The Red Cross was with us throughout the entire event – providing blankets and security. During the fire, they were constantly making sure that we were OK. When the fire was over, they provided us with vouchers and gift-cards for housing, food, shelter, and medicines.

Maslow’s hierarchy of needs, identifying food and shelter as our most basic needs, became evident. When left with only the clothes on my back it was apparent that so much of what we take for granted in life is icing on the cake.

In the depths of my sadness, I still knew that my life is, and always has been, a gift. Despite losing everything, I am grateful. I have had a good life compared to most people in the world – past, present…and future. Many people have experienced horrific wars; some don’t have running water or shoes, or know the glory of heat in the winter. Thousands have been displaced by natural disasters.

I have to admit that, after the fire, I thought my fear of being homeless had become a reality. However, now I understand that my current displacement is a loss of realities more than anything else and that, with time, new realities will replace the old ones.

One replied, “Yes, it was hard (long pause) but we lived – Jews were killed.” Her response made it clear that her Buddhist roots of gratitude ran incredibly deep.

Since the fire, a variety of people have supported and cared for us. Some support comes from Japanese-American Nisei from our temple; a population of people stripped of their identities, possessions, and forced to live in internment camps during WW II. I remember sharing with them that I looked to them as my sheroes and heroes. One replied, “Yes, it was hard (long pause) but we lived – Jews were killed.” Her response made it clear that her Buddhist roots of gratitude ran incredibly deep.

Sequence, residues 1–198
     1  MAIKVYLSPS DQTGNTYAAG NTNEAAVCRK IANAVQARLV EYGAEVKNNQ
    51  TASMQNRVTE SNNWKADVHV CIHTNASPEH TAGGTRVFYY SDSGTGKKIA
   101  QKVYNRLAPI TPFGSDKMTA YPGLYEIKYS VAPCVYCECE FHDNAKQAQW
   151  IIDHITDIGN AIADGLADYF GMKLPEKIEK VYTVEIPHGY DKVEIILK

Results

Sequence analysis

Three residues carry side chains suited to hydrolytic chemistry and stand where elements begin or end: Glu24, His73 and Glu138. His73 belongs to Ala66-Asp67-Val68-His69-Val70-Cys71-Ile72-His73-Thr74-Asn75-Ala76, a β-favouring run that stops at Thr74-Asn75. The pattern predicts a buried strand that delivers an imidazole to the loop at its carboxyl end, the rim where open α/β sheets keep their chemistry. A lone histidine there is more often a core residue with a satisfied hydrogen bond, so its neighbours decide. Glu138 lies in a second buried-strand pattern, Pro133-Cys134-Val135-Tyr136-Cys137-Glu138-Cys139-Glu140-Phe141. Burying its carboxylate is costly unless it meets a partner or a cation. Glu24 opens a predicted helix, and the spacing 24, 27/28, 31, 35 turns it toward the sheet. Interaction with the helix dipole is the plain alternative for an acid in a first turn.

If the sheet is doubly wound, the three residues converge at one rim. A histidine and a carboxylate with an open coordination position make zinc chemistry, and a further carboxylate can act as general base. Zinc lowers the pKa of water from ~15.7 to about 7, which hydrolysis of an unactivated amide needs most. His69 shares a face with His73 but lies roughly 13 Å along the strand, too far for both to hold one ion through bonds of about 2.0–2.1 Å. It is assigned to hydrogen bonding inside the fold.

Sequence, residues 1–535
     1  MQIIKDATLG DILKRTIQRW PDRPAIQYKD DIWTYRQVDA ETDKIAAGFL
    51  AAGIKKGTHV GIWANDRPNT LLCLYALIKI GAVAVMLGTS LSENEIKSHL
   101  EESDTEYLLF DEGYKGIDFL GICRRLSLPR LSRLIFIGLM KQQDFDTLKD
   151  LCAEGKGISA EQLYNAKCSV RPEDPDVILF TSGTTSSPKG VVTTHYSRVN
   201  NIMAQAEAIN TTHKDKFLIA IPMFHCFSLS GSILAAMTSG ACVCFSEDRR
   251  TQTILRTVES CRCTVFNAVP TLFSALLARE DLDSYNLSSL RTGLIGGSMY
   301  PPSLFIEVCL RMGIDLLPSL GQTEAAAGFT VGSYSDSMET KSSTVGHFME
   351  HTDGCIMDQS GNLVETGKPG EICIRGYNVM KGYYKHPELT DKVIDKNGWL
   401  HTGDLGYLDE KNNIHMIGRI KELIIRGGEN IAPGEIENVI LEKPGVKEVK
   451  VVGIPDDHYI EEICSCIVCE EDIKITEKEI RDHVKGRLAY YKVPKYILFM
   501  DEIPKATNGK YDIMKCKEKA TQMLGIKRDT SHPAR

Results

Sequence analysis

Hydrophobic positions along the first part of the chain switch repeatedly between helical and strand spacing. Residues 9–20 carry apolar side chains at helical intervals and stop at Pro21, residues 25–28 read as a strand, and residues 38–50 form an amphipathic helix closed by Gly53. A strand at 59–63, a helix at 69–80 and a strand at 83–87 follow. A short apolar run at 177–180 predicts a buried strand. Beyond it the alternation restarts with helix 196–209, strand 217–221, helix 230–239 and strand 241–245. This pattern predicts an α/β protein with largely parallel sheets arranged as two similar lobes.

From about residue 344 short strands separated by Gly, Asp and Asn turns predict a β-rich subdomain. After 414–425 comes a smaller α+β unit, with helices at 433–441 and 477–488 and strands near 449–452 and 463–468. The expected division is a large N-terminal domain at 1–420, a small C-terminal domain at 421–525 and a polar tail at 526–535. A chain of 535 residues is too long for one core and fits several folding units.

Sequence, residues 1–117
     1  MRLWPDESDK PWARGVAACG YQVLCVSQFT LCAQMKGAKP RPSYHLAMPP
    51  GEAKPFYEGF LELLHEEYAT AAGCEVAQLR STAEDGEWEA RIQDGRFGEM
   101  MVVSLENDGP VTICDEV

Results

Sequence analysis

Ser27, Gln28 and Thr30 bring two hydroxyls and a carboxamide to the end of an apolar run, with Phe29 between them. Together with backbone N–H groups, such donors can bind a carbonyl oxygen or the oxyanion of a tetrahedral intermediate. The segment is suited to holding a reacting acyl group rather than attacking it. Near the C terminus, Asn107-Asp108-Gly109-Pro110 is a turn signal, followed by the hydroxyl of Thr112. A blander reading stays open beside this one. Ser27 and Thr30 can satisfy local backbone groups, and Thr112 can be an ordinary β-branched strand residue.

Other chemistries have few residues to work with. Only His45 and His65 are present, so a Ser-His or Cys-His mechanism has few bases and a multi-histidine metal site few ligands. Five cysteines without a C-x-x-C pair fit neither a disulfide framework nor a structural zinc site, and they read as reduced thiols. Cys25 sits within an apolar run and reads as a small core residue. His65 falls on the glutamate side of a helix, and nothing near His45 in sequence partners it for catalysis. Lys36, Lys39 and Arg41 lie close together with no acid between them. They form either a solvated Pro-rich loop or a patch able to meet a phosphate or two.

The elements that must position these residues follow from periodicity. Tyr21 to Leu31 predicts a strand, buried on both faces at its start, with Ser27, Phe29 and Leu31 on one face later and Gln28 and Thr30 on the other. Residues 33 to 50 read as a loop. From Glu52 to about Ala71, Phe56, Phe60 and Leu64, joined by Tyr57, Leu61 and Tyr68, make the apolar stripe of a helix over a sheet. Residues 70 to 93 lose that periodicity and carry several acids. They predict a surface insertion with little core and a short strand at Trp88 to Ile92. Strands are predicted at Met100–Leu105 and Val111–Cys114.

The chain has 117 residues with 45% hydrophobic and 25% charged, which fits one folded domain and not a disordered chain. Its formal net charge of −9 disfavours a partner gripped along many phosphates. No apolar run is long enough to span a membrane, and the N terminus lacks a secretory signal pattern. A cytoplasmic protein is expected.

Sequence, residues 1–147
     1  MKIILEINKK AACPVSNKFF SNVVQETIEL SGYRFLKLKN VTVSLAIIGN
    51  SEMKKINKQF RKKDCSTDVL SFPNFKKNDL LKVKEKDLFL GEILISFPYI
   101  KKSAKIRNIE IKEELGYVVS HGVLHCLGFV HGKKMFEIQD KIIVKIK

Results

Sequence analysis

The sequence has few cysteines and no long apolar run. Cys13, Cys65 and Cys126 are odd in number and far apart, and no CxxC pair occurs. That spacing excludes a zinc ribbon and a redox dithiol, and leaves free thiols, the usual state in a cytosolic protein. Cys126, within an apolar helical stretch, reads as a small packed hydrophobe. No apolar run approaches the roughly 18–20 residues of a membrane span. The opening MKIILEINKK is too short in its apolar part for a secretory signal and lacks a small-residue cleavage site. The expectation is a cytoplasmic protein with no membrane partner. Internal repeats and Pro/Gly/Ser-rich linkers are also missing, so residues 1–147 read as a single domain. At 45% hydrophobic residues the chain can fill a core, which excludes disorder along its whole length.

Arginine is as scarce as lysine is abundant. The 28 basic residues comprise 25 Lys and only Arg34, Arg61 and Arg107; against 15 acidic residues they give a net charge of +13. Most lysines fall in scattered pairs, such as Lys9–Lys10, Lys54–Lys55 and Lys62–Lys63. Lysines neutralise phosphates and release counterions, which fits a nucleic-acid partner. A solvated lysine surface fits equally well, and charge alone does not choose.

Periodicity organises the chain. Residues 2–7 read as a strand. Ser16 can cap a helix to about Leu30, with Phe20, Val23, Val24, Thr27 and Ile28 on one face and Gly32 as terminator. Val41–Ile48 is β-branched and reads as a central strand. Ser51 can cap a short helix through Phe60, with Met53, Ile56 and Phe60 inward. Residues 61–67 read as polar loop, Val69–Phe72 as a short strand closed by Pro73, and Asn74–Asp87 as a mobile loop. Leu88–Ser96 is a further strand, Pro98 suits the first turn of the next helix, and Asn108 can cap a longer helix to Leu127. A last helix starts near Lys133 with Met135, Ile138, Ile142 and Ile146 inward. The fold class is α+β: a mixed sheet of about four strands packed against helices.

I know we appreciate firefighters and others who come to our rescue during emergencies. What these men and women do – coming to our homes – saving us – our pets – and our things, is truly remarkable. Every day they put their lives at risk by entering burning buildings – exposing themselves to dangers from chemicals, flames, soot, etc.– to help us. It is beyond incredible. They don’t seek honor or glory but they deserve it.

Now, when I hear a siren I am sad knowing that someone may be in harm’s way, but I am also grateful knowing that these men and women are on their way to “take care of things.” They are remarkable and I am truly grateful.

Through this traumatic event in my life, I find myself even more grateful than prior to the fire. I have learned so much about life that I would never have learned otherwise. And I have come closer to a life of true contentment.




This article is printed here with permission. It originally appeared on Gratefulness.org, the online sanctuary of A Network for Grateful Living, an organization dedicated to gratefulness as the core inspiration for personal change, international cooperation, and sustainable activism in areas of universal concern.  Author Cynthia Mee is a professor of education, writer, author, novice poet, and child advocate. Her interests are focused on equity, young adolescent voices, and voices of Nisei regarding their education experiences in the incarceration camps during WW II. She loves to ponder, reflect, and to connect to the power of gratitude, joy, and awe. She is a Jodo Shinshu Buddhist and is a Minister’s Assistant.